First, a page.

The refugee family of a young disabled girl was unable to bring her wheelchair to Turkey when they fled Syria, forcing her to crawl on the ground, but her grandfather refused to let local missionaries help.
Other refugees had told her family that there were people from a church who might help, but when her grandfather heard it, his face was flushed with anger.
“They never help anyone without expecting something in return,” he said. “Don’t begin any type of relationship with them, because they are going to want something from you.”
The girl, a pre-teen who also couldn’t speak, had crawled or been carried for months. Life without her wheelchair was one more pain atop others: her father unemployed, her family sharing a run-down apartment with other refugees after leaving their tent camp, and frequent hunger.
When authorities discovered her grandfather had entered under a false name and forced him to return to Syria, however, her father mustered the courage to go to the church site and explain his plight.
“With your help we gifted them a wheelchair, and twice we have helped them with their heating bill and prayed over them,” the ministry leader wrote to Christian Aid Mission. “We went over there again today to bring them some food, and the girl along with her father heard us talking and nearly threw herself down the stairs to come see us. Before we could get up the stairs to her, she crawled her way to us and wanted to hug us.”
The workers were sorry to refrain from hugging her as a precaution against the spread of the novel coronavirus – they had just visited more than 50 homes distributing food – but they sat and chatted at a safe distance. The mute girl signaled that she wanted them to pray for her again.
“Her father then explained that the first night we prayed over her, she didn’t wet the bed and was so happy,” the leader said. “Now she wanted us to pray like that again. This is what Jesus meant when he talked about childlike faith, and now there was a Christian praying over this girl in front of her Muslim father.”
The girl’s grandfather had told family members that the Christians were bad people; the ministry leader said he saw the opportunity to pray for her again as an impossibility the Lord had made possible.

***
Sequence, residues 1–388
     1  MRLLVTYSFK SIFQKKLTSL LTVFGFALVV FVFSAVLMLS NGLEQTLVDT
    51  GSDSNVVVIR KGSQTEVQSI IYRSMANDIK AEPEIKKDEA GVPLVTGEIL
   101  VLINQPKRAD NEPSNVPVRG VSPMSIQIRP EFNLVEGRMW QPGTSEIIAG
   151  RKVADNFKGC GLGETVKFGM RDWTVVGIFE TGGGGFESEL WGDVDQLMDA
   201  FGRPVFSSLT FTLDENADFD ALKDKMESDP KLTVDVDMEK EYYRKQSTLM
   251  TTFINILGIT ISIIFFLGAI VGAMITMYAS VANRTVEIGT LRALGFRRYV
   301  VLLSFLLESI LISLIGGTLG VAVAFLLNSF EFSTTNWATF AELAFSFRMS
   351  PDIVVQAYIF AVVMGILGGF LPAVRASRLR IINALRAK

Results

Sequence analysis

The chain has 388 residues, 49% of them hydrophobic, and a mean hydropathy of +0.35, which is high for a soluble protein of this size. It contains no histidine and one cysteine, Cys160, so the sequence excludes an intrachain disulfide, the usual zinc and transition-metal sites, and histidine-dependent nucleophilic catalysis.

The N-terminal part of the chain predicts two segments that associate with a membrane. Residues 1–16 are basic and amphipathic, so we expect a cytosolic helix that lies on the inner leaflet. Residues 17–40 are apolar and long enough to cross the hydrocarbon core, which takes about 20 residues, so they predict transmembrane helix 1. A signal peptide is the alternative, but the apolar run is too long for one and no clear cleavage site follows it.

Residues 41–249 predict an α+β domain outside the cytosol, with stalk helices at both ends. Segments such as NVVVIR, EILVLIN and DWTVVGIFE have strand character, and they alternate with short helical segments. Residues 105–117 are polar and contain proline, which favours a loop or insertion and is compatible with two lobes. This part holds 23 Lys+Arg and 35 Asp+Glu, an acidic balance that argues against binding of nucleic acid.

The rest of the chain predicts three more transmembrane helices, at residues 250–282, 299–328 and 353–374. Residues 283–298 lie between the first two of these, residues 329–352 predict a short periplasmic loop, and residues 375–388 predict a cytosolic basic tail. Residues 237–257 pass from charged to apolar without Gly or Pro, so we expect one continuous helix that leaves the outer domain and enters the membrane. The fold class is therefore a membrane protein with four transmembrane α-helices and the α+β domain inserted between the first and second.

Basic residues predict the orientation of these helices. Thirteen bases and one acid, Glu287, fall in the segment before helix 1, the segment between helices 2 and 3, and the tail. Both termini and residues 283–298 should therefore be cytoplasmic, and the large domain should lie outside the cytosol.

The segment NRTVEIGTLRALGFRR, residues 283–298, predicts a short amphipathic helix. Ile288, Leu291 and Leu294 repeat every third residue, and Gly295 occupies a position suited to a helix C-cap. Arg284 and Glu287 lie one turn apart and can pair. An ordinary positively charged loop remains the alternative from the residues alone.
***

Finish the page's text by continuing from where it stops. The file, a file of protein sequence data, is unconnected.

“Now their lives had changed, their perception of us had changed, and the father asked us, ‘What time is the church open?’” he said. “We explained to him that right now we are doing all of our services online. I think he may watch us on the Internet, and we will certainly continue to visit them. I thank God for this miracle, and I thank you for making this miracle come to pass.”
Normally refugees would obtain help in the course of visiting worship services or other large gatherings, but COVID-19 has put a stop to them. So local missionaries are making more visits to their homes to offer groceries and help with bills and medical bills, he said.
At the same time, as refugees are increasingly blamed for Turkey’s economic woes, the state has stopped providing health care assistance to them at a time when COVID-19 is spreading swiftly. A refugee who gets sick from coronavirus or other ailments spends an average of $50 or $60 a month for treatment on an average income of no more than $160, the ministry leader said.
“That means that after his medical expenses, he will pay $100 for rent, and his money will have run out,” he said. “He will have nothing left for electric, water, heat or, most importantly, food.”
Workers are finding fewer people in tent camps as families pool their money to find cheap housing, he said; three families, for example, will rent a three-bedroom apartment. About half the distribution of food and other aid now goes to refugees in apartments – which also makes gospel proclamation safer.
“When people live in homes, they feel much safer and ask questions about Christianity much more comfortably,” the leader said. “In one of the homes we visited, we dropped off a box of food and were beginning to leave when an old grandad living in the house called out, ‘Come! Come in and let’s have tea.’ We were already cold and, seeing an opportunity to share the gospel, we accepted.”
Soon about 15 people gathered, and the local missionaries explained to them that the aid they provided was not from any rich country but from ordinary people giving out of their own earnings, he said.
When a younger man said, “Your goal here is to convert us, but thanks anyway,” the grandad who had invited the missionaries chastised him in Arabic, asking him if the workers had forced him to take a Bible or become a Christian when he received their food and purified water.
“The younger man apologized and told us that it was ‘not what I meant to say’ and left the room,” the leader said. “The old man turned to us and said, ‘Give me an Arabic Bible, but it has to be large print; my eyes don’t see well.’”
Workers are providing such aid in Christ’s name to refugees throughout the region. Please consider a donation today to provide critical relief that saves lives while expanding the kingdom of God.